In several projects with industrial partners, the Rossendorf BlitzLab project group has successfully demonstrated millisecond annealing processes through FLA as a highly attractive technique for the functionalization of ITO layers on glass and PET [1,2] and of copper and silver paste which is used for packaging labelling by screen printing on paper-like media with a low heat budget [unpublished results].

The effect of the FLA parameters (pulse duration, energy density) on the substrate behaviour as well as on the microstructure and electrical response of the as-flashed films was studied. A significant drop of the sheet resistance of the FLA-treated layers as compared to the as printed layers was observed. As FLA permits selective, near surface heating, a damage of the sensitive substrates was avoided. 

Fig. 1.: Illustration of the distinct relation between the applied annealing conditions, evolution of the sample’s microstructure and resulting sheet resistance. Material studied: Cu-film/PET, No. A) Virgin material, B) as-flashed, ED = 1.4 J/cm2, C) as-flashed, ED = 1.75 J/cm2 and D) as-flashed, ED = 2.2 J/cm2. The pulse time was 600 μs.

The microstructure of the copper paste before and after FLA was also investigated. Fig. 1 shows the correlation between the achieved sheet resistance values and the corresponding microstructure of the copper paste films. Fig.2 (left) shows an example of the positive effect of FLA on ITO glass with regard to an improvement

in the optical properties towards more transparent layers through the transition from amorphous to polycrystalline ITO layer structures, which is also accompanied by lower sheet resistance values Fig.2 (right).

Fig. 2: Illustration of the FLA effect in relation to the optical (left) and electrical (right) properties of ITO glass layers towards more transparent and conductive layer structures (transition: amorphous  polycrystalline) with significantly shorter process times (ms@FLA vs. min@oven annealing), which goes hand in hand with a more energy-efficient fabrication approach.

In the near future, our development lines will also focus on the thermal treatment of flexible or large area substrates by pulsed annealing (FLA or intense pulsed light sintering (IPL) or photonic curing). Flexible substrates demand occasionally a roll-to-roll transport system and have partly different requirements to the pulse annealing system. Normally, flexible substrates are processed in larger facilities, which comprise several processing steps like deposition, patterning and annealing. Consequently, the pulse annealing tool is integrated into the processing line as a module, see Fig. 3a [3].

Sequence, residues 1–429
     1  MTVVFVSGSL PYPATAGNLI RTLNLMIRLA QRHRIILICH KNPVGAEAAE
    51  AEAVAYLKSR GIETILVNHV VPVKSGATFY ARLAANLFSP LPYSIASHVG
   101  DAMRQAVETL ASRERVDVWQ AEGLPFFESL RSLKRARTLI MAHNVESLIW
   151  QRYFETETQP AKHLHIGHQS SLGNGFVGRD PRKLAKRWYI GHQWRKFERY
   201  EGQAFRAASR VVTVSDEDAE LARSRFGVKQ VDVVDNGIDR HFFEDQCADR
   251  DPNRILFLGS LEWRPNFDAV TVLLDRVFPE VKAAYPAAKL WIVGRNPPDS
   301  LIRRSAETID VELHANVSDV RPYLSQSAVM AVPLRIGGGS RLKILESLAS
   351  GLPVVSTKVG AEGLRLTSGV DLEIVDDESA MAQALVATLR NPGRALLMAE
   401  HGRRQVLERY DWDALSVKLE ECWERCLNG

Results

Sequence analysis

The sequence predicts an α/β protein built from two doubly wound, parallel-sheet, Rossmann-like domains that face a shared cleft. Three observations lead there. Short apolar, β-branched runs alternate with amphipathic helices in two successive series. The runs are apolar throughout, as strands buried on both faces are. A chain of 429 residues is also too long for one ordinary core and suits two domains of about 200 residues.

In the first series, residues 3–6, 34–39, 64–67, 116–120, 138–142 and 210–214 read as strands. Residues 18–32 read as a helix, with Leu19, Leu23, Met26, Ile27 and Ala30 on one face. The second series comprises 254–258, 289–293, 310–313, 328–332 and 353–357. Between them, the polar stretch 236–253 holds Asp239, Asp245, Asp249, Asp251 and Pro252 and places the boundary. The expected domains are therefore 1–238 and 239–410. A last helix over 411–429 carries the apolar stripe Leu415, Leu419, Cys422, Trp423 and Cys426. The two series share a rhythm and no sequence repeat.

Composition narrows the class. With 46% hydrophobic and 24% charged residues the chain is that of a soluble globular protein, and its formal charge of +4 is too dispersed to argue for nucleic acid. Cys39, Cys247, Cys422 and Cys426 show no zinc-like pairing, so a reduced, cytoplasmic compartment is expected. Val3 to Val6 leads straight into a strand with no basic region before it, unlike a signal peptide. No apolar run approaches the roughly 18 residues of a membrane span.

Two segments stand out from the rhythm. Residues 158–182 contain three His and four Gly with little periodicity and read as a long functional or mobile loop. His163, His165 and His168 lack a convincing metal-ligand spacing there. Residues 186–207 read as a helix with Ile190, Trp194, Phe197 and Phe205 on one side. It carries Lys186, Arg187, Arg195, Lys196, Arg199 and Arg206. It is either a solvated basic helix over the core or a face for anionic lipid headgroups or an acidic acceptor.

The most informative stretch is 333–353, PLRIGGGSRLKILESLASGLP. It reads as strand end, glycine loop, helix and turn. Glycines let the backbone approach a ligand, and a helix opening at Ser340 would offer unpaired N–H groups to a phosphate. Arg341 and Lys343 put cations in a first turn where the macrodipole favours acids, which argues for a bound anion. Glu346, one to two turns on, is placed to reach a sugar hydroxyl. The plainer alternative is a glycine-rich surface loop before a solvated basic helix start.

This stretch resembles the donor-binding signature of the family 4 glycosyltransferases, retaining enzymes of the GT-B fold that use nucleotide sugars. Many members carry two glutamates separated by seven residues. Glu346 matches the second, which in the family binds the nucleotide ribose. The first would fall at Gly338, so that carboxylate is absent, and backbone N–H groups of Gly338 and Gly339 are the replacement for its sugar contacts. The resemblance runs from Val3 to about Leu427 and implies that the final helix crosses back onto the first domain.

Depending on the required mode of irradiation, pulsed annealing can be performed in a continuous or camera mode [1]. In continuous mode (Fig. 3b), the whole area is annealed, but between two subsequent shots there is a small overlap zone where FLA has been applied twice. If this is not acceptable, FLA can be run in camera mode (Fig. 3c) where two subsequent shots are now separated by a small, but untreated stripe.

Abb. 3.: Grundschema einer FLA-Anlage für Rolle-zu-Rolle-Prozesse. (a) Copyright 2015 JohnWiley and Sons [3] FLA-Betrieb im kontinuierlichen (b) und im Kameramodus (c).


[1] T. Gebel, L. Rebohle, R. Fendler, W. Hentsch,W. Skorupa, M. Voelskow,W. Anwand, R.A. Yankov

Millisecond annealing with flash lamps: tool and process challenges, Proc. 14th IEEE Int. Conference on Advanced Thermal Processing of Semiconductors, 2006, pp. 47–55.

[2] W. Skorupa, et al.

Millisecond beyond chip technology: from electronics to photonics, Proc. 15th IEEE Int. Conference on Advanced Thermal Processing of Semiconductors, 2007, pp. 47–55.

[3] S. Weller, M. Junghähnel

Flash lamp annealing of ITO thin films on ultra-thin glass, Vakuum in Forschung und Praxis 27 (2015) 29–33.